Nasard Flûte French?
Quint Flute English
Grand Quintaten English

Audsley lists Nasard Flûte with the following description:

The name given by its introducer, George W. Till, of Philadelphia, Pa., to a labial dual stop, formed of a metal Flûte Harmonique, 8 ft., and a metal Nasard Harmonique, 2-2/3 ft.; and introduced, for the first time, in the Concert Organ in the Wanamaker Store, in Philadelphia, Pa., where it occupies a place in the Great Organ, speaking on wind of 5 inches. This compound stop is essentially timbre-creating, yielding a tone of a remarkable quality and volume, impossible of production by a stop, however voiced, having only a single rank of pipes. The tone might well earn the stop the name Grand Quintaten, 8 ft.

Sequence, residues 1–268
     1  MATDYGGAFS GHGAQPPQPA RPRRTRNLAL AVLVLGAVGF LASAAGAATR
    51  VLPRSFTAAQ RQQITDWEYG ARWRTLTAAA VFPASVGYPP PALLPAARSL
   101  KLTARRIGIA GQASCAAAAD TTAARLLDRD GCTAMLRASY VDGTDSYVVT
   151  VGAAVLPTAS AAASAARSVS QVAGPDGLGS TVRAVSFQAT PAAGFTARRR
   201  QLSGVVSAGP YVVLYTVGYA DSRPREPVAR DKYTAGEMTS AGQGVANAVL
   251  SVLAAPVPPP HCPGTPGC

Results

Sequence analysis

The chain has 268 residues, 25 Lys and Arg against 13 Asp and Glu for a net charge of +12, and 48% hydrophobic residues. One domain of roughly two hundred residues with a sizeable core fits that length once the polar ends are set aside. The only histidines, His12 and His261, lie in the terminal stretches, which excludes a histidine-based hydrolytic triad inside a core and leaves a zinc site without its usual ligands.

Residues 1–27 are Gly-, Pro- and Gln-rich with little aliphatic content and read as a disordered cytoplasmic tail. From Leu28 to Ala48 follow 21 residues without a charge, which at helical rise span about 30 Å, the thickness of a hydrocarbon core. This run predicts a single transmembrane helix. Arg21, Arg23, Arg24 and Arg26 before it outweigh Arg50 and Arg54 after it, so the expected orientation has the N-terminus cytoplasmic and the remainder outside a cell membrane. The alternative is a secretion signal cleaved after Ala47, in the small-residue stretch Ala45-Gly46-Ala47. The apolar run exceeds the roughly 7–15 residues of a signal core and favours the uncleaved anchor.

According to Irwin, the name Nasard Flute is synonymous with Quint Flute, though Audsley describes it differently. Regarding Grand Quintaten, Irwin says only “The Grand Quintaten and the Nasard Flute can also be compound.” Other compound stops designed by George W. Till include Duophone, Nasard Gamba, Quint Flute, and Tierce Flute.


No examples of Grand Quintaten are known. Contributions welcome.


Audsley[1]: Nasard Flute. Irwin[1]: Quint Flute.
Copyright © 1999 Edward L. Stauff, all rights reserved.
NasardFlute.html - Last updated 12 September 2000.
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